If you’re doing content marketing just because you know that it’s important, you’re doing it for the wrong reasons.
Not having the right impetus behind your content marketing strategy can mean having an unfocused, ineffective plan that does nothing but suck away your precious time.
Here are some of the “wrong reasons” to be doing content marketing, and some of the best reasons to use content to market your business:
1. Someone told you that you need to be content marketing.
Unless that person with your marketer, simply doing content marketing because you read it online somewhere doesn’t make a lot of sense.
Content marketing can and will help every business, but if you don’t know exactly why you are content marketing, you’re not going to be able to make the most of it.
It’s very popular right now and many large brands are making use of content marketing, which is making content marketing a magnet for other businesses that want to achieve success.
The problem with choosing to do content marketing just because someone else said it was a good idea is not only will it be unfocused, it makes you a follower.
You don’t want to be a follower, you want to be a leader.
2. It’s cheap.
Marketing is expensive, there’s no denying that fact.
But marketing is also an investment—you are spending money in order to make more money in the long run.
Content marketing, unless you are outsourcing it to your marketer or a freelancer (and sometimes even if you are outsourcing it), is much cheaper than many other types of marketing.
That doesn’t, however, make it an adequate replacement for other types of marketing.
Nor does doing it yourself actually make it free.
Even if you are the business owner and you are doing all of your content marketing, you are essentially paying yourself to content market.
Picking this kind of marketing because it boasts “low investment, high returns,” without really knowing how to do it or why to do it makes it a very bad time (and money) investment.
Small and large businesses alike choose content marketing because they don’t have to “buy” anything—just create it.
But content marketing is only effective if you have the expertise to create effective content marketing.
3. You just want your voice to be part of the conversation.
Wanting to be heard is fine—but only if you have something to say.
Too many businesses follow the mindset that they have to be part of the conversation about their business, or that they have to generate a conversation, in order for anyone to be talking about them.
This creates two problems.
First, you might not actually have anything of value to add to the conversation.
That isn’t to say that your business isn’t valuable, just that if you can’t offer anything new or interesting to the conversation, you’ll effectively be that lackey that stands behind the bully in cheesy 80’s movies and says, “Yeah, what he said!” whenever the bully speaks.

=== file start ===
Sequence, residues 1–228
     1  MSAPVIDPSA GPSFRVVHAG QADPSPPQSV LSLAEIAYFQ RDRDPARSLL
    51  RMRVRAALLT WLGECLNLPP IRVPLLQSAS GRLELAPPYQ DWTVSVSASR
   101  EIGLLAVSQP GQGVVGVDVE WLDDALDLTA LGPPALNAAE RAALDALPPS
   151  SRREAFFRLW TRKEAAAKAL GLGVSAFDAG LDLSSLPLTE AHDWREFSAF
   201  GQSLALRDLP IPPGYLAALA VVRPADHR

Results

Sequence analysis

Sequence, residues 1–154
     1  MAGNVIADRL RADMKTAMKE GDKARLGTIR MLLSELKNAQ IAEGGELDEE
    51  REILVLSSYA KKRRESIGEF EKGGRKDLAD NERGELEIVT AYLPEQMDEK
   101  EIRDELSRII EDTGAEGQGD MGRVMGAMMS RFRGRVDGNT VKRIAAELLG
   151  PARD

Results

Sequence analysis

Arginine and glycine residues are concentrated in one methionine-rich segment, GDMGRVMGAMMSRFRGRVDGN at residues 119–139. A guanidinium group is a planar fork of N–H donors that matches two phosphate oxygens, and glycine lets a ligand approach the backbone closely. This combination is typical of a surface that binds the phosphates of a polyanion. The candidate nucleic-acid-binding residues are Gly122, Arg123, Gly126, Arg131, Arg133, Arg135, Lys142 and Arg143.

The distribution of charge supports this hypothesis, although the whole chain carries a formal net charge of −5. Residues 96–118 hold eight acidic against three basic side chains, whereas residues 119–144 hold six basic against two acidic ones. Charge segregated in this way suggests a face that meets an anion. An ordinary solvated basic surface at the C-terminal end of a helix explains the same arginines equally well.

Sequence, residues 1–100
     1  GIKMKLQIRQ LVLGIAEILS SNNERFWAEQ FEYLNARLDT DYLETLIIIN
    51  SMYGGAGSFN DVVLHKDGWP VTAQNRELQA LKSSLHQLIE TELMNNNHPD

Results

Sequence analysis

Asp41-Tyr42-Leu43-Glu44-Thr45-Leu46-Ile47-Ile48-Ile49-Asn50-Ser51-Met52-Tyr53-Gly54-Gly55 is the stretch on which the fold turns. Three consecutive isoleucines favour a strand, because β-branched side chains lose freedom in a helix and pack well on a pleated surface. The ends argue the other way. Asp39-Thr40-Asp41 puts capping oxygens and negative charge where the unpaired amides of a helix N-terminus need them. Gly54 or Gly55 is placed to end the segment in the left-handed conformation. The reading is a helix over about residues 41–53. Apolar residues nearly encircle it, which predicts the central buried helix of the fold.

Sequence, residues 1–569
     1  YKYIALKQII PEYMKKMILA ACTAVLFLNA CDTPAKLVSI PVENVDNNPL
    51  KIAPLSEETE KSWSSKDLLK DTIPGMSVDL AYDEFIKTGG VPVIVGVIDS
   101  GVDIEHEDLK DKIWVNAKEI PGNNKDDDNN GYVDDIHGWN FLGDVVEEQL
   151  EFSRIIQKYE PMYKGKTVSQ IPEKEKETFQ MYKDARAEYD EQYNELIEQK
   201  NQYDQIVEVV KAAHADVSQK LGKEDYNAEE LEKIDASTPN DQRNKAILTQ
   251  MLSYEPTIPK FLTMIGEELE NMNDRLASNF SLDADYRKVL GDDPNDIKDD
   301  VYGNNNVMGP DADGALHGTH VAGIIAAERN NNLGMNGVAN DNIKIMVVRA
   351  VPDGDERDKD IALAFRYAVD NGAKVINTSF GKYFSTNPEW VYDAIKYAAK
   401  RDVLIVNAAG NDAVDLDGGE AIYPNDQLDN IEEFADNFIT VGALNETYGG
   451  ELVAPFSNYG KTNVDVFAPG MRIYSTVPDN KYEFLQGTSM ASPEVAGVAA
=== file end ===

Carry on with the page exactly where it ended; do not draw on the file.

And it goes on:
You’re not really in control of the conversation and you’re adding nothing to it, except an echo of what someone else has already said.
The second problem is the commitment that “joining the conversation” creates.
If you’re not willing to keep up with that commitment and remain a part of the conversation, then content marketing is for you.
However, you can’t just join the world of content marketing and then slip away.
Once your presence has arrived, it has to stay.
1. You actually have something to say.
Content marketing is a great way to disseminate your opinions and thoughts about an industry-related topic or to have your say on a controversy or story surrounding your company.
If you’ve got thoughtful, insightful, relevant, and valuable comments to add to the conversation about your industry or about your business specifically, then you have a good reason to create and marketing yourself with content.
However, the caveat still remains that once you are a part of the conversation, you must remain a part of the conversation.
You can’t just pipe up and then back slowly out of the room, you have to be present—listening, responding, and saying your piece.
2. Your audience demands it.
There are some sectors in which a business has to be a part of the social conversation, or their customers will forget about them.
That reflects both on the business and on the customers.
If your customers need to be engaged with a blog or social media campaign in order to remember to patronize your company, then a content marketing tactic is a great idea.
Most companies do benefit from a content marketing campaign for exactly this reason: it helps them build authority and improves the “stickiness” of the brand name.
3. It’s affordable.
Yes, content marketing is affordable.
Even if you outsource it to your marketing team, your web developer, or an independent freelancer.
It’s easy to find writers, video producers, graphic designers, etc. who will help you create unique content marketing specifically for your business, targeting your customers, and capturing your message.
This shouldn’t be the only reason you choose it, however.
This is an acceptable reason, one when you know what you want to say, why you want to say it and have an audience that will actually be willing to listen and to respond to it.
So, are you doing content marketing for the right reasons or does your content marketing plan need a motivation makeover?